The only metric of success that really matters is the one we ignore

"And I spent my days focused on optimizing myself: Endlessly working and improving, on a permanent quest to do as much as possible in the unforgiving confines of 24 hours. It was the only way I knew how to be. Compete. Excel. Win."

"But after many nights in emergency rooms and too-long stays in hospitals, of watching my nieces slowly lose their father, I got a glimpse of what community looks like. It was the people who turned up before they were asked, to do things they didn’t have time to do. Neighbors who collected kids from school and came to hospitals to sit. Friends who stayed. Groups of people who materialized to make lunch for four kids for months because their parents couldn’t."

"Though I didn’t understand it at the time, I was lonely. I didn’t think it possible—I had friends, I had kids, I had no time. How could I be lonely?"

"The twist was that some pursued self-improvement goals such as getting a new job or making more money, while others tried spending more time with friends and family. A year later, she found those who focused on connecting more with others were happier than those who pursued self-improvement."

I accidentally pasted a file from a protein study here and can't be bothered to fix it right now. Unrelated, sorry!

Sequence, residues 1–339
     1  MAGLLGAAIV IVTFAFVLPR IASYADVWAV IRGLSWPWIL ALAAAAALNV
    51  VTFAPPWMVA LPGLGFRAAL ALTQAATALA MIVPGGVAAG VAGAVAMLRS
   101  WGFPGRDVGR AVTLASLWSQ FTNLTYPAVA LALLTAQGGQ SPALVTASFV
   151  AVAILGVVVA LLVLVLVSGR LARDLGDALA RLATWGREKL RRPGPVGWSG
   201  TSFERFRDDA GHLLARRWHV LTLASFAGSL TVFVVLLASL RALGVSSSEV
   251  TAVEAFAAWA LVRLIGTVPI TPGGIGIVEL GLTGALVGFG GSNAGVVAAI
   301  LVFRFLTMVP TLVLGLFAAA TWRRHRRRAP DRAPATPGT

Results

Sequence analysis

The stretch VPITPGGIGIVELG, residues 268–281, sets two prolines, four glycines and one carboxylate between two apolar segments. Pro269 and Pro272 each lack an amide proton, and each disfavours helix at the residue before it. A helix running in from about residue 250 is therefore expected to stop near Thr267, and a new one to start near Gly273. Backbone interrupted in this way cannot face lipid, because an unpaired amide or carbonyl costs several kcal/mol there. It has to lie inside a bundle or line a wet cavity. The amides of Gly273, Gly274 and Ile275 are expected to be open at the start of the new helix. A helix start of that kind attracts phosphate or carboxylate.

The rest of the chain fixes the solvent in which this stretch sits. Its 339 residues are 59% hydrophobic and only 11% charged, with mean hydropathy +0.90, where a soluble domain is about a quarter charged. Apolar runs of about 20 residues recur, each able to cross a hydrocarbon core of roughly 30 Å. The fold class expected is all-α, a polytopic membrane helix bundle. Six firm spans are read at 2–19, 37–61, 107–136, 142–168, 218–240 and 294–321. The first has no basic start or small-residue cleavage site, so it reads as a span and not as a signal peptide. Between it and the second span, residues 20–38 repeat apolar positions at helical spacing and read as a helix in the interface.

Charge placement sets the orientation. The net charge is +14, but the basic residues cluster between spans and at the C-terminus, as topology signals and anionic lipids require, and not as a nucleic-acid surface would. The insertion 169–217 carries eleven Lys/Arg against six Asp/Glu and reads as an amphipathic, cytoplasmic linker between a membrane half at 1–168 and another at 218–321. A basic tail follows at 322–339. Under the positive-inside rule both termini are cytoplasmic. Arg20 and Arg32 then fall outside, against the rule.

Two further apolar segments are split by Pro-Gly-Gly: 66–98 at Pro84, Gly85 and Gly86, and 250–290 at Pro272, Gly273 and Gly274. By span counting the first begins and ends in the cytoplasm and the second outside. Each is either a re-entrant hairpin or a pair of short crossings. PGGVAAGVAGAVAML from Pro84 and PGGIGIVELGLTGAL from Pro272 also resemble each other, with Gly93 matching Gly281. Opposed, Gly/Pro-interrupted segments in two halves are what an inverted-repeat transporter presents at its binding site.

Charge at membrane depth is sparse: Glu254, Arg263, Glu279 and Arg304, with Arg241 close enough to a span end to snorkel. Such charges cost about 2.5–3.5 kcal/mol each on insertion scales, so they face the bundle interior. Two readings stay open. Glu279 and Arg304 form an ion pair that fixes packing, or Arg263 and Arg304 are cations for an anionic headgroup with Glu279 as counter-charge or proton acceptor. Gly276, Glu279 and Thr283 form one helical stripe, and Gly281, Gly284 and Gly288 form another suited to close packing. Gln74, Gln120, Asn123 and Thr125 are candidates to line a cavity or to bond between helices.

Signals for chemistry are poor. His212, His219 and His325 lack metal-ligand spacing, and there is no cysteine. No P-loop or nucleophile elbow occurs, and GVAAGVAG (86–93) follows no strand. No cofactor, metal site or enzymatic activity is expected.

"The thing that makes us happiest in life is other people. And yet other people are often the first thing to fall off our list of priorities."

"Warren Buffett, a friend of Gates, says that his measure of success comes down to one question: “Do the people you care about love you back?”"

What are the myths associated with self improvement?

"When you’re a beginner, the best mentors are not the people who have dominated your field, the best mentors are the people who are on the same path as you but are slightly above you."